Thank you.

  • Sir Mark

    It appears that Manfred has neither read St. Paul nor listened at Mass.

  • David Bonagura

    Dear Grump,
    Perhaps with His mulberry tree analogy Jesus was speaking metaphorically, as He did more than once in His preaching. So, for something nearly as astonishing, how about the conversion of the pagan Roman empire that at first was persecuting the Church? And if we want to take “transplanting” more literally, how about the adoption of Christianity across the world despite its very diverse peoples and cultures? In my book, these are pretty impressive miracles.

  • Howard Kainz

    @Grump: Forget about mulberry trees and metaphors. The Orthodox saint, Venerable Mark the Anchorite of Athens, supposedly moved a mountain into the sea. And the Coptic Orthodox Saint Simon the Tanner, challenged by the Muslim Caliph Al Muizz, allegedly moved the Mokattam Mountain to show the superiority of Christianity over Islam.

  • Manfred

    Sir Mark: When Sir Thomas More and Bishop John Fisher were ascending the stairs to their respective deaths on the very fine point of whether the King or the Pope was the head of the Church in England, do you believe their last thoughts on earth were: I really, really hope that what I believe is true? Is it possible I was misinformed?

    The Synod on the Family which is causing such concern is being “engineered” by a Pope who is totally familiar with St. Paul and who not only listened at Mass, but actually gave the homilies each week!

  • grump

    @Howard. I’d be much more persuaded if you’d left out “supposedly” and “allegedly,” weasel words that spoil the tales.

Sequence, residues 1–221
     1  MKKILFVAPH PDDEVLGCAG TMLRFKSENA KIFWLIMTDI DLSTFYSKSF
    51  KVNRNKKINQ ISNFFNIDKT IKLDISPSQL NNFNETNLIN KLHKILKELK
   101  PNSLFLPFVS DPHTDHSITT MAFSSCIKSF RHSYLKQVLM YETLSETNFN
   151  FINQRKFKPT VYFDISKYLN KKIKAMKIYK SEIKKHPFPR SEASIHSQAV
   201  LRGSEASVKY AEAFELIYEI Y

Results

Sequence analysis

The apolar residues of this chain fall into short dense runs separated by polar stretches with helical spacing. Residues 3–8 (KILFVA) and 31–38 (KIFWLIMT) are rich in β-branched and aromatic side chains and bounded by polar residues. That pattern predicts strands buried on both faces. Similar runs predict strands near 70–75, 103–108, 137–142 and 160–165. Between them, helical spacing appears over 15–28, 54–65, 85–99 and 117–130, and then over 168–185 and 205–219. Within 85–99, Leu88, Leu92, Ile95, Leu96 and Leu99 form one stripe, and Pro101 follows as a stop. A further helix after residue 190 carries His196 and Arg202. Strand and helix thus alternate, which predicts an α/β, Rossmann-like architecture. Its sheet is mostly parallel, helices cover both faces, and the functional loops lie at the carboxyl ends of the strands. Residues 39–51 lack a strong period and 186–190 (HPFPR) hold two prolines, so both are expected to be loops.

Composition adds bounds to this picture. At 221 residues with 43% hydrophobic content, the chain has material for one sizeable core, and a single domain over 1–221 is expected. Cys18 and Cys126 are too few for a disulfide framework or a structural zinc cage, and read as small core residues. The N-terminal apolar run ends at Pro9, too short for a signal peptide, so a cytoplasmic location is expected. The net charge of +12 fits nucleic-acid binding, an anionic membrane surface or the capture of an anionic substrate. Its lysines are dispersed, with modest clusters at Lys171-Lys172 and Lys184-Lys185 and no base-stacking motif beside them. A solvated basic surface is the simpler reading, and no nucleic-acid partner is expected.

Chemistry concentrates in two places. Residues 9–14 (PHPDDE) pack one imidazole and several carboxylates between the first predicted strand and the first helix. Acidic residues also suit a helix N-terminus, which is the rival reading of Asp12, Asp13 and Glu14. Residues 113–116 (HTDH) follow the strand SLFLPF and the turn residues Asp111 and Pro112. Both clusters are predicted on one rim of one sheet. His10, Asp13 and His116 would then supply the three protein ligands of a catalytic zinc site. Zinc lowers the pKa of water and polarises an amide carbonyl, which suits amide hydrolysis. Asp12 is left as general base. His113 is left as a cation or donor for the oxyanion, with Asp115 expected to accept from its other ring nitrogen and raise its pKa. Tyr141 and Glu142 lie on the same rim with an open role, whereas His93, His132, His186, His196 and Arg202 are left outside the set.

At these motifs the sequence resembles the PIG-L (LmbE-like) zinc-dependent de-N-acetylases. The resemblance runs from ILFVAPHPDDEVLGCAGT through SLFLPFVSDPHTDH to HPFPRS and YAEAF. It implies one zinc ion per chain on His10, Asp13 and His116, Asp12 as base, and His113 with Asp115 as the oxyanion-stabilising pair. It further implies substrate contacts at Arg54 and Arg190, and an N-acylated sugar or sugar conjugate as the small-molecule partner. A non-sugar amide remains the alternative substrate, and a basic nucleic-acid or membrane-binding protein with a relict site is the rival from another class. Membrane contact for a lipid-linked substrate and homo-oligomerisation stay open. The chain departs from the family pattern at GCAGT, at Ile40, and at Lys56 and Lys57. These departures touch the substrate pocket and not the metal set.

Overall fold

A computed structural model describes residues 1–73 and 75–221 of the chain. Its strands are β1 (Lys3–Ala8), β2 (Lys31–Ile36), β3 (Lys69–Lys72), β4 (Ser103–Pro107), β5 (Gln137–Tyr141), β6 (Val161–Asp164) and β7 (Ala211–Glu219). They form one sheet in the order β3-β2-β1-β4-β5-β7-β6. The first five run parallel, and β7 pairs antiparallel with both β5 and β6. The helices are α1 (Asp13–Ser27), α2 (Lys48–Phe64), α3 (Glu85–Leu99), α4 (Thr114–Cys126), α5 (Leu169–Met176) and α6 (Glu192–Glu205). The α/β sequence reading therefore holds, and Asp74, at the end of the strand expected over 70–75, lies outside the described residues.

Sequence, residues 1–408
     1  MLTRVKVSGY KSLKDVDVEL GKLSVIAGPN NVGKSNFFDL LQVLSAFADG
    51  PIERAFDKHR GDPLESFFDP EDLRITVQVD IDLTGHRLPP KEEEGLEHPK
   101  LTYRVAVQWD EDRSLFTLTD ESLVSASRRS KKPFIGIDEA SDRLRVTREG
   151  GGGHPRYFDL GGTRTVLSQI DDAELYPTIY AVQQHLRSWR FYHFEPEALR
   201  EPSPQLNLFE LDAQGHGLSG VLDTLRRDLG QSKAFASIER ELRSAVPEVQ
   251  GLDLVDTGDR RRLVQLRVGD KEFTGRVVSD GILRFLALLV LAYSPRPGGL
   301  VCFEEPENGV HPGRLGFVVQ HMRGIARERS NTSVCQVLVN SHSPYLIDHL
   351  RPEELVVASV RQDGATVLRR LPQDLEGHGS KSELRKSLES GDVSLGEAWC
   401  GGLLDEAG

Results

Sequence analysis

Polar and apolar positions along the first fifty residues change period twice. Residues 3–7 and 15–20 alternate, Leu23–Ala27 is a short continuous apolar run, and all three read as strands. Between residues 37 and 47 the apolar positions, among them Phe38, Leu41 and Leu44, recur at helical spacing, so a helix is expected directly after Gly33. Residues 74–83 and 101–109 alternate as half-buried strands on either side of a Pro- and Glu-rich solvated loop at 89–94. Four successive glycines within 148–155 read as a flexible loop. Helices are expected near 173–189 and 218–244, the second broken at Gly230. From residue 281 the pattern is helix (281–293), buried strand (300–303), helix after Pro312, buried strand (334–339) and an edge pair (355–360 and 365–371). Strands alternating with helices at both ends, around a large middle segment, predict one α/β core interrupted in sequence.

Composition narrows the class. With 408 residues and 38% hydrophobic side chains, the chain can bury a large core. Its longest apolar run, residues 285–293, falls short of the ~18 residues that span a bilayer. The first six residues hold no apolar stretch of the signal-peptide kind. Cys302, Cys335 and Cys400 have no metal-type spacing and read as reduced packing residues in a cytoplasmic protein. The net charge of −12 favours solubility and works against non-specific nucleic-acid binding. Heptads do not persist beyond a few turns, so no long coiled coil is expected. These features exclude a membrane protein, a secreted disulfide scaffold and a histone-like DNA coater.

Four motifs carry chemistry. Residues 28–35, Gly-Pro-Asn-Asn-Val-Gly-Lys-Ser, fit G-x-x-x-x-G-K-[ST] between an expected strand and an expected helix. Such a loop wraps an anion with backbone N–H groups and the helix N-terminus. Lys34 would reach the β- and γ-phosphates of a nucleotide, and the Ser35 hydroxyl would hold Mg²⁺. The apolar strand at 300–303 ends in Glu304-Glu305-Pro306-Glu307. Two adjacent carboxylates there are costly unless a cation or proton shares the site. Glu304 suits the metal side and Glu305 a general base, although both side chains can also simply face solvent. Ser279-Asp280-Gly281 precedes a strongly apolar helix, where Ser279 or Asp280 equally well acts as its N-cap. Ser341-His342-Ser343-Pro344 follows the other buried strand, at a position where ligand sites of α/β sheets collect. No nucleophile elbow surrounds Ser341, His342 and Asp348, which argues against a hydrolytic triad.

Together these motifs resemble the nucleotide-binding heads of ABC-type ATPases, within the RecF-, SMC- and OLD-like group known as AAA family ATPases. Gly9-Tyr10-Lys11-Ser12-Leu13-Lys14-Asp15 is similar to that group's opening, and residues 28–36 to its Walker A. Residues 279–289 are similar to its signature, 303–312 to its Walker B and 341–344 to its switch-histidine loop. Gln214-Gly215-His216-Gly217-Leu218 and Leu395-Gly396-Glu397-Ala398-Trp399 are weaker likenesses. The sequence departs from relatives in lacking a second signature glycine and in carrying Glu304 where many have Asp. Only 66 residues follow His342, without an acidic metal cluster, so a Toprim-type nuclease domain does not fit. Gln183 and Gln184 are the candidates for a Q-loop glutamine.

• DS

    I have met many non-believers who exhibit neither doubt nor despair, yet are selfless and find fulfillment by loving and serving their fellow man. Conversely, I have encountered some Catholics (including some commenters here) whose faith seems to animate anger more than anything else.

    I try to keep this mind when I think about evangelization. Not many people like to hear “you’re lost and unhappy, even though you don’ know it” from an angry Christian.

  • Fr. Kloster

    @grump and Howard You both seem to have forgotten St. Gregory Thaumaturgus (the miracle worker). He was a 3rd century resident of Neoceasarea. He did move a mountain so that a church could be built. St. Basil writes that he was comparable to Moses, the Prophets, and the Apostles in the sheer number of miracles worked through his intercession. He is one of the saints on the older roman liturgical calendar.

  • Paul V

    I agree, as a believer I now handle the ups and downs of life a lot better. However, I’ve meet several non-believers over the years that exhibit the same kind of peace that some believers have, so I wonder how much genetics plays.

  • Seanachie

    My understanding of faith (based on long ago religion and theology classes)is that it is a supernatural gift that enables the recipient to believe in God with certainty and without doubts. Since it is a gift, not everybody receives it. Faith strengthens one to counter unbelief and take great comfort in embracing the essence of Luke 22:42, “Thy will, not mine, be done.”

  • bobby

    I meet people very often who try to draw on their own wisdom, conclusions and view of life who have disconnected themselves gradually from their faith. More often than not, such individuals live with an existential unhappiness and inner joy. It comes as no surprise as happiness is a by product of living a life of meaning.